The United States remains the world’s most influential country, but its unipolar moment ended long ago. China is a global power in its own right. Russia is a revanchist power determined to undermine the foundational bonds that unite America and its many global allies and friends. Both seek to balance American power.
In fact, power is more dispersed than it was 20 years ago. Not so long ago, what really mattered was the P5, with the United States as its strongest advocate. But the UN Security Council has not played a meaningful role in the current crisis. The G7 is still relevant, but the G20 better reflects today’s multipolar world.
There are plenty of multilateral structures with real impact. Europe is struggling, but the EU retains significant power. The African Union and ASEAN have growing influence. OPEC still matters as we saw with the recent negotiation to stabilize the price of oil.
Individual countries, even those not imbedded in such international structures, can command the world stage. What were we worried about before the coronavirus pandemic? Internal conflicts in Libya, Syria and Yemen and international confrontations with Iran and North Korea. None of them are superpowers.
While a significant majority of Americans remain skeptical of American interventionism that has defined American foreign policy in recent decades, a clear majority of Americans still see themselves as internationalists. They know that unilateralism, divisiveness and indifference make problems harder and more costly to solve in the long run.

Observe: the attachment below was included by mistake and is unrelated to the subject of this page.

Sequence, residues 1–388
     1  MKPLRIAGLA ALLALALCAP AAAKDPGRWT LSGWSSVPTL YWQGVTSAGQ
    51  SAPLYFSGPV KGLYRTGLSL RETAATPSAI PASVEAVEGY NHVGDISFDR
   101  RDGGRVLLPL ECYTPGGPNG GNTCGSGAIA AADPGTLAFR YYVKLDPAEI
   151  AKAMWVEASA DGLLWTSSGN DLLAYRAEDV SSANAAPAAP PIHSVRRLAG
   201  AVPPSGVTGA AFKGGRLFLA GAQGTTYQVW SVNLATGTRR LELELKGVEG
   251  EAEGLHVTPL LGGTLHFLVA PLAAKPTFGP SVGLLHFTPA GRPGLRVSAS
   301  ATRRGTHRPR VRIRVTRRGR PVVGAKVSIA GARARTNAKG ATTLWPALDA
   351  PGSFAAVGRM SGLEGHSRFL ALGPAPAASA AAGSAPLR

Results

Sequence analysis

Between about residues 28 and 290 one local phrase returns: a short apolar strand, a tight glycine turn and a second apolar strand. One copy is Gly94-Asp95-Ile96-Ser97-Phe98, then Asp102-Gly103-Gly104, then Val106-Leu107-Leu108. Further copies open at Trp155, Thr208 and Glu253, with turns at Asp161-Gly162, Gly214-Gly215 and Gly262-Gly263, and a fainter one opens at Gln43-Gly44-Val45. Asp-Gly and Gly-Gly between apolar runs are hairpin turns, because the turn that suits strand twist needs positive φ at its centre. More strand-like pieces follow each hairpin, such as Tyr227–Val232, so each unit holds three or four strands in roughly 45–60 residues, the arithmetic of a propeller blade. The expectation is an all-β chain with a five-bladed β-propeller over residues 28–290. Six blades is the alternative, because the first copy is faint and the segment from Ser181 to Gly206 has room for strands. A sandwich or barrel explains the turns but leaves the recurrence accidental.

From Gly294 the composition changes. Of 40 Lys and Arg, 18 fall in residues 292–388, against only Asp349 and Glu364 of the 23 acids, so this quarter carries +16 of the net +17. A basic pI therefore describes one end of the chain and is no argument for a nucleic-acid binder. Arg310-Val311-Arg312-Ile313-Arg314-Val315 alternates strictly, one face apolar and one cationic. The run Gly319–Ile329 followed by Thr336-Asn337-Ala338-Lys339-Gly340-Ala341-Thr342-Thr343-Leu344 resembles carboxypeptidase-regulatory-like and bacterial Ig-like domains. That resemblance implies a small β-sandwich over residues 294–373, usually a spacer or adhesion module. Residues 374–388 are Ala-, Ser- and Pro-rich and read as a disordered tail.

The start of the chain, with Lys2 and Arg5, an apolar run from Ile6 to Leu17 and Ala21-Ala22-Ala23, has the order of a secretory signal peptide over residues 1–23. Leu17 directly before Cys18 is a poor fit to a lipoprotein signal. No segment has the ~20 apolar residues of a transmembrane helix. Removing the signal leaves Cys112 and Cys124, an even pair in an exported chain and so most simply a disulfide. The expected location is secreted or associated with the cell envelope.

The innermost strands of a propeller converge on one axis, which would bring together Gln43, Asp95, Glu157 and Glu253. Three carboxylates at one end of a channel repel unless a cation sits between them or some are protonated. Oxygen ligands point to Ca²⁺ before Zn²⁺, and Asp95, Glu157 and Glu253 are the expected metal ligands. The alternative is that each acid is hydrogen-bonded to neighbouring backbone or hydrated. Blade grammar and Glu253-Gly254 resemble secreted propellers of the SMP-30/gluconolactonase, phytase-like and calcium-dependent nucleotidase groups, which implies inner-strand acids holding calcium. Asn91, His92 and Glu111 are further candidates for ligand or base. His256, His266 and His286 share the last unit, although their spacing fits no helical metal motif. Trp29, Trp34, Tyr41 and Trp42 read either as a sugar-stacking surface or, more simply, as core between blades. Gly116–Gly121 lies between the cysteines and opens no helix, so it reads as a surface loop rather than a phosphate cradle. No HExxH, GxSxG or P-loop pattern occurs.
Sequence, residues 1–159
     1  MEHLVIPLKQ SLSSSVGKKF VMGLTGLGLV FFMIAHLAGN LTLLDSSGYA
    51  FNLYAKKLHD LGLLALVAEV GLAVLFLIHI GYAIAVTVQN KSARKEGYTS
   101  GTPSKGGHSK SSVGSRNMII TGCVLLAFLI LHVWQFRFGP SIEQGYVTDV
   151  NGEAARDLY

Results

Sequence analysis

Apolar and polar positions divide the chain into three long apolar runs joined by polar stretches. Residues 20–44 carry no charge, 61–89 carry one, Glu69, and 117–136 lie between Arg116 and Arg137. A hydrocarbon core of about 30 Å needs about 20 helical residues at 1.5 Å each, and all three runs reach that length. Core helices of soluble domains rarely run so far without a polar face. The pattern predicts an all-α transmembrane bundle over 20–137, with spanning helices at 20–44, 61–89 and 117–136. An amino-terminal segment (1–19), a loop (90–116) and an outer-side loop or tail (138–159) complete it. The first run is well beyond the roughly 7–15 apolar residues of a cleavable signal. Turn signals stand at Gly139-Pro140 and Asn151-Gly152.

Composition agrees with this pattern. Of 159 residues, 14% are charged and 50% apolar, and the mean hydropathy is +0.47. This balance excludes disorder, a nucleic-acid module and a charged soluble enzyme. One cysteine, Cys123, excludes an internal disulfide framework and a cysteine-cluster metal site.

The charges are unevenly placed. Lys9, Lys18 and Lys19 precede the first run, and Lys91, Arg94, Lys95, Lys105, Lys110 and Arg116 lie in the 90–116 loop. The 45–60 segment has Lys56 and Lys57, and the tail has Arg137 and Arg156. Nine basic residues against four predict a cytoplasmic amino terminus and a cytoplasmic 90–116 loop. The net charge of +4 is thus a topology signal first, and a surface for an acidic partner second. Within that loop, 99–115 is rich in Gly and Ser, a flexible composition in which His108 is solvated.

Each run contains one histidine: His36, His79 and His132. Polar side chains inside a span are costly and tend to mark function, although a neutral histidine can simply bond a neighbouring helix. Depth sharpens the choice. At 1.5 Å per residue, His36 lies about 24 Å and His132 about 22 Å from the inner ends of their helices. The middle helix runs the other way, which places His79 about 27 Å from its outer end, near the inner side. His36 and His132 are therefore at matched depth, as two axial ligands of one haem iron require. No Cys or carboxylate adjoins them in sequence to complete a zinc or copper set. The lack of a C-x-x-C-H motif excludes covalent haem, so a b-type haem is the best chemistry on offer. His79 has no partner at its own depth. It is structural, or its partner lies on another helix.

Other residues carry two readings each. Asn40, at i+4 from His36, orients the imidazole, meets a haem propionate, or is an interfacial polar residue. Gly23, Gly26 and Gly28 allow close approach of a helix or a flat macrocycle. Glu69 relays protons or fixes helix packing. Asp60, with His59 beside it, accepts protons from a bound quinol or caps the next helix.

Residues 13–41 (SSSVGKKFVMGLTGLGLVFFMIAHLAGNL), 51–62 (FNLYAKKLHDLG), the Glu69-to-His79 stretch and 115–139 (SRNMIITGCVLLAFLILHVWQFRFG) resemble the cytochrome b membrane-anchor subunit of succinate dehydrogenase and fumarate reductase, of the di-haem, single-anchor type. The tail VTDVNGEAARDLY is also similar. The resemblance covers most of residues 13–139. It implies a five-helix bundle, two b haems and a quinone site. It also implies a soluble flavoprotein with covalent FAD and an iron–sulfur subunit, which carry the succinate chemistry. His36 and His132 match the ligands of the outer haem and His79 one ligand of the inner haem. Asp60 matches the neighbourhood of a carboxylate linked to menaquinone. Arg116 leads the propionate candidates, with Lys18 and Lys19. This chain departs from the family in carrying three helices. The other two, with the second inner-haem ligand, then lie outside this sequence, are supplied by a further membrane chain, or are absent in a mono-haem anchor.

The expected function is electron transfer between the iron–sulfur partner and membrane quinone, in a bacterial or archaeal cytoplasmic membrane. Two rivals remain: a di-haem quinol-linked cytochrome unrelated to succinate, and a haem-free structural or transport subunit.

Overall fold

Whether American retrenchment becomes a more permanent feature of American foreign policy depends on the choice American voters make in November, when Trump seeks re-election. He will be opposed by former Vice President Joe Biden. Biden has a deep track record in international affairs and strong beliefs in the importance of global engagement and cooperation.
The 2020 election will be dominated by the coronavirus pandemic and its aftermath. One of the obvious lessons learned is that borders and walls do not offer protection from the major challenges facing the world and the United States, whether health, economics, climate, migration or security.
This choice, whether America continues to step back from the world or begins to lean forward again, will shape American foreign policy for a generation.